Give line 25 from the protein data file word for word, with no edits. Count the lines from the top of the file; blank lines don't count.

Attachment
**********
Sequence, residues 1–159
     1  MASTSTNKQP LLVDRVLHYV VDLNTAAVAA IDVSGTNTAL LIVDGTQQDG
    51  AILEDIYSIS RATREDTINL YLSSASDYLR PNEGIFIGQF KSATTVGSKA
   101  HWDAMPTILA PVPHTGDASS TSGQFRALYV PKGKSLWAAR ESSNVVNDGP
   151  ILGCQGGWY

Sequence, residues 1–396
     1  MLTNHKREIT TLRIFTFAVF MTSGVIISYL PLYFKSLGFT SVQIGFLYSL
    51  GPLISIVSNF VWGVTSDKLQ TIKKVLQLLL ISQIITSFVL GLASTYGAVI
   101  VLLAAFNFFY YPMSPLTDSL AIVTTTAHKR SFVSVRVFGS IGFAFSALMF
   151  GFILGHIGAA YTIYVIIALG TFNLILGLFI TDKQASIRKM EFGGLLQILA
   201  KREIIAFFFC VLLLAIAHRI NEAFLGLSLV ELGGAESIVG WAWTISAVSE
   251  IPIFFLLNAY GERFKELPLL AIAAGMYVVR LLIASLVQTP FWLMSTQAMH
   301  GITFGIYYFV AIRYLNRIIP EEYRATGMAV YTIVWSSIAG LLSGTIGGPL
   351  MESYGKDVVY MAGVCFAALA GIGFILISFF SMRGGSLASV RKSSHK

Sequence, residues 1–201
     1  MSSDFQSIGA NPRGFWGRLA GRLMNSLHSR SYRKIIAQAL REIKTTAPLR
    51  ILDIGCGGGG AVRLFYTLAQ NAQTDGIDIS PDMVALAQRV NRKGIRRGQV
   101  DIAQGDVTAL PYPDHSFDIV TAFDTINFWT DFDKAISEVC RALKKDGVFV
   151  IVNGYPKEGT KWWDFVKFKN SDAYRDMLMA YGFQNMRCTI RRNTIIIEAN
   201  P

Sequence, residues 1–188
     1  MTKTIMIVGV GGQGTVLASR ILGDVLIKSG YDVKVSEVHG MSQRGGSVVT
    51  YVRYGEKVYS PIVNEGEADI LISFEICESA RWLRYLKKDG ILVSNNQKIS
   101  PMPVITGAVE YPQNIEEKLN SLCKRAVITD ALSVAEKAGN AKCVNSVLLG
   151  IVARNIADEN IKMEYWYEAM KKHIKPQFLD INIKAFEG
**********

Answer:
   151  IVARNIADEN IKMEYWYEAM KKHIKPQFLD INIKAFEG